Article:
He was very kind and helpful in pointing out the good that I have done with my life, despite certain setbacks, and pressed that I had successfully broken the cycle (he had to press as I just wasn’t taking it on board, and, indeed, it was only on hearing the recording that I finally heard it properly!). So I got a lot out of that.

Irv asked about my counselling work and I took the opportunity to ask about one of my themes:

Amanda: Is it an authentic healing process or do we subconsciously pass on our construct resulting in the client taking on a similar construct? 

Irv: That’s a good question. They’re taking on what you give them and they have to see it in the light of their own internal language. They build it again inside of them to fit with their own past experiences. I’ve never had the feeling that people take on my construct. But they build a new one because their whole life circumstances are so very different. And for you, you will get certain things from seeing me or seeing your therapist… and other people won’t do it that way, they’ll take other things. Everyone deals with it quite differently. So I think, my only feeling is you really just have to be present with your clients and give them what you can, and trust them to take what they need out of it.

This was great for me to hear as for me it is being present with the client that seems to work best. I shared with Irv that I think that therapy is about the relationship I form with a client, and they see that I actually feel love for them, that they perceive that somehow.

Irv:  They have a capacity then to form a really good relationship once in their life at least or be with someone who can actually love them. Well, that gives them an internal reference point, they know they’ll be able to do that again, and will keep you in mind a lot. I think that’s really important.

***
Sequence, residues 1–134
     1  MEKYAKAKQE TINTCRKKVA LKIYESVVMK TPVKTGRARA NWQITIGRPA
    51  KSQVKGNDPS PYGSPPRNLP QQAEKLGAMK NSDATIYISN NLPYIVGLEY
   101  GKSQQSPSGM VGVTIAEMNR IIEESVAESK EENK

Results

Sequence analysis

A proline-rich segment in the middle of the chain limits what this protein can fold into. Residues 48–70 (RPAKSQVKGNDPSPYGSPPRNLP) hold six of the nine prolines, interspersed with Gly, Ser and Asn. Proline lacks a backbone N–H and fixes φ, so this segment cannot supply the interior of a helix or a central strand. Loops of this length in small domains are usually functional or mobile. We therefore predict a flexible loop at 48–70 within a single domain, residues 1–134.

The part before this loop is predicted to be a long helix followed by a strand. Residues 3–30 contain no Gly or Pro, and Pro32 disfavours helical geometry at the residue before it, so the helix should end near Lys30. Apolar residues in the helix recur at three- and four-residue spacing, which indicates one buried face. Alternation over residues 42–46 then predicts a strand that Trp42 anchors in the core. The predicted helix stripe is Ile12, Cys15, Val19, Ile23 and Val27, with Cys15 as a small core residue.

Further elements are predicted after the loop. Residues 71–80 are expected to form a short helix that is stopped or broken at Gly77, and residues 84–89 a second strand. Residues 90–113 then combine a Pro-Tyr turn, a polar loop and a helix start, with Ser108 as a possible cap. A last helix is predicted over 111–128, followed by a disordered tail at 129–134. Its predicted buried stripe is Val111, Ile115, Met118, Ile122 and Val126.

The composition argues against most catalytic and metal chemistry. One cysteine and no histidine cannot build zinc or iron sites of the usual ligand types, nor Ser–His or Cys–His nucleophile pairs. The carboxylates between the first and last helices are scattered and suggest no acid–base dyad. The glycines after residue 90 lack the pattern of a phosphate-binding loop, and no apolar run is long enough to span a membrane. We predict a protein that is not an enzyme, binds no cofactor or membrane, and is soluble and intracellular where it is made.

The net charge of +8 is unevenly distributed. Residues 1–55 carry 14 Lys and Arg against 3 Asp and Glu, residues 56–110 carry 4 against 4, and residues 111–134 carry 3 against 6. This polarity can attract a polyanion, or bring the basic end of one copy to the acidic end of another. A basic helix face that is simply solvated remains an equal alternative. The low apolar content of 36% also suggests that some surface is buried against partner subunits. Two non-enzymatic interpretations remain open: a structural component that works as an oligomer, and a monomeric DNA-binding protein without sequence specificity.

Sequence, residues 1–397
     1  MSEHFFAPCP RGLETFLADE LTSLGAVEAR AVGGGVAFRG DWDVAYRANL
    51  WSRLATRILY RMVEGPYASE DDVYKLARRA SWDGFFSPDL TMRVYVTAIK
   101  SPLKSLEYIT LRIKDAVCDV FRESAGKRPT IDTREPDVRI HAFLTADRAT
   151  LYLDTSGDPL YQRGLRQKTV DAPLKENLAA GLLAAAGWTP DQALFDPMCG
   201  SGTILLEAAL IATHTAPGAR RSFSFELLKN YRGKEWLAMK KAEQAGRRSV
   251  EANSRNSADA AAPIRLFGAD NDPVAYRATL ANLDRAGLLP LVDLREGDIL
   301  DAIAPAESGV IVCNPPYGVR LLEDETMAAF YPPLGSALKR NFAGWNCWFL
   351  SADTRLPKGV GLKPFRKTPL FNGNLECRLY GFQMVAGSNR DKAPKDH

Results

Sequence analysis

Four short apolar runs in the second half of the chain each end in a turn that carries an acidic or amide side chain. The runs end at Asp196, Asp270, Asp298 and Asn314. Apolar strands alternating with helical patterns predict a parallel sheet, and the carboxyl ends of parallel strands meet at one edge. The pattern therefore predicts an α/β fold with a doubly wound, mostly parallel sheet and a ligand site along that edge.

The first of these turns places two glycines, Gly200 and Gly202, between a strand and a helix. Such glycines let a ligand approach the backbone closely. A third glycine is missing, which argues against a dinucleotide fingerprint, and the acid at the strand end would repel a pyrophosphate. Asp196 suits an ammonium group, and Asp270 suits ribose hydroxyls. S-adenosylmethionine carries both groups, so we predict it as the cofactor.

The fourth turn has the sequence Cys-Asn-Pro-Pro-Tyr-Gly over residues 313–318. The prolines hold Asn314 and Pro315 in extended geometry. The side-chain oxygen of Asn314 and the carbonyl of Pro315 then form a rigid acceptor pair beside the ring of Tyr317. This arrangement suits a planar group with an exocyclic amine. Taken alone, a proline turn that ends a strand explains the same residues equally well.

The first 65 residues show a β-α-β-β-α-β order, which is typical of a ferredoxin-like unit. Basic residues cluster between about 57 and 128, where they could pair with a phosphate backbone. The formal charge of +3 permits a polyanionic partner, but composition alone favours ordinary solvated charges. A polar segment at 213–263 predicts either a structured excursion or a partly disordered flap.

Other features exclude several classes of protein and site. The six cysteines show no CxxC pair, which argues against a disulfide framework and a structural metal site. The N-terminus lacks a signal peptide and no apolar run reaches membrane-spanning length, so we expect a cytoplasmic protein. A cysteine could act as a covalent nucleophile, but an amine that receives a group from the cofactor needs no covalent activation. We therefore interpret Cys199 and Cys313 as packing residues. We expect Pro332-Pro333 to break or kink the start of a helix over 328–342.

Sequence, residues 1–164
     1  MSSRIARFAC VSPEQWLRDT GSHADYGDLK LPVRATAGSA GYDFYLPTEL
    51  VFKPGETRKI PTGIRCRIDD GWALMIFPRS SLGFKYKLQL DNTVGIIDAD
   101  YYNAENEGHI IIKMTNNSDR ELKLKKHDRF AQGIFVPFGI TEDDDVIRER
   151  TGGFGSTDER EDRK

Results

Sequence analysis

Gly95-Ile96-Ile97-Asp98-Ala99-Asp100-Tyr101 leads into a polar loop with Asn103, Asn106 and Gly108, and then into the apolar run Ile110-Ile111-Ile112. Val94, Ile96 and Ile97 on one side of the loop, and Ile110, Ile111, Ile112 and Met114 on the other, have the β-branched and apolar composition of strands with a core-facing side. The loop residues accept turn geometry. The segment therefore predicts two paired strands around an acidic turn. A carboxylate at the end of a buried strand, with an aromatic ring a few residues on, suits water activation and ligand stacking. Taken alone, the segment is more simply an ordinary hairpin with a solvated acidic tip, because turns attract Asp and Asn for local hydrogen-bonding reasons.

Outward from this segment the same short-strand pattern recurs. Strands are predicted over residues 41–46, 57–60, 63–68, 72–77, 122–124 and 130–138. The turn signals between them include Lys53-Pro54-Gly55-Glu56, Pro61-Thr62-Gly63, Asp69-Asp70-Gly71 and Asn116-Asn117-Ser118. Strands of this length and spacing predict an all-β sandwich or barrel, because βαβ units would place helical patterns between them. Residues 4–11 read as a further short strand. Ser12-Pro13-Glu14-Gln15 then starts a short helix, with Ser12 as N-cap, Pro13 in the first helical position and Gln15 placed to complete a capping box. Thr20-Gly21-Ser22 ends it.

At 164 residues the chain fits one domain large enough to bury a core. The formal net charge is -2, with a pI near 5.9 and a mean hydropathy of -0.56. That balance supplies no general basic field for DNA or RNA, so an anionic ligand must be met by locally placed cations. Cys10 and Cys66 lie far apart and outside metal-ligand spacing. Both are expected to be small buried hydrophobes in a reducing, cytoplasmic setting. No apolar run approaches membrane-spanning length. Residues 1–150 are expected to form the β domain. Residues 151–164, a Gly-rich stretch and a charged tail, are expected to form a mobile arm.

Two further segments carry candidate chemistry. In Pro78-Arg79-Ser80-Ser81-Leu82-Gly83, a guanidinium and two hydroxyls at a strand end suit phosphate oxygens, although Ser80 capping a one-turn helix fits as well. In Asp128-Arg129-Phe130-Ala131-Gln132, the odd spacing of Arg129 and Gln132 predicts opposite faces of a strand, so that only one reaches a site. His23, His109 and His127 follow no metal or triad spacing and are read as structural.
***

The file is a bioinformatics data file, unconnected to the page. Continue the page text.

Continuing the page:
The session then turned again to more personal issues – of course those issues are part of who I am and  I was grateful to explore in the greater context of the situation – meeting my hero and receiving his wisdom.

We talked about my disappointment at his cancellation and my discomfort around being less important to him than he was to me. Referring to what he had gleaned about my childhood experiences, he seemed to really empathise about why this might be particularly difficult for me. I really felt that he had a lot of understanding of what it must be to be me.

I asked Irvin what he got out of what he does:

Irv: A great deal. First of all, the same things you’re saying. It’s important for me and it gives me a sense of meaning in my life, to be able to work with people and give them some meaning as well. The other thing is, and I think this may be true for you as well, is that I feel that I’m pretty good at this, I know what I’m doing. And I think you do have a bit of that also, and you know, it feels good when you do something you’re being really effective in, so there’s that. There’s something about the whole intimate connection , even though it’s very brief, it is always warming to me. There’s something about, I like to get into the lives of other people, to their stories. Maybe as a writer there’s some of that for me too...its not their story but it’s an idea…ignites in my heart.

Amanda: That’s interesting that you say that because you get ideas for the stories you write and you like getting into other people’s lives and stories and I do feel a little bit guilty about that…hearing other people’s secrets…I feel so privileged but also, a bit…not scared, but in awe of the fact that I’m in that privileged position and that they trust me that much.

Irvin then referred to a paragraph he wrote in his book “The Gift of Therapy”, which I have reproduced here as it is a poignant and important point for therapists: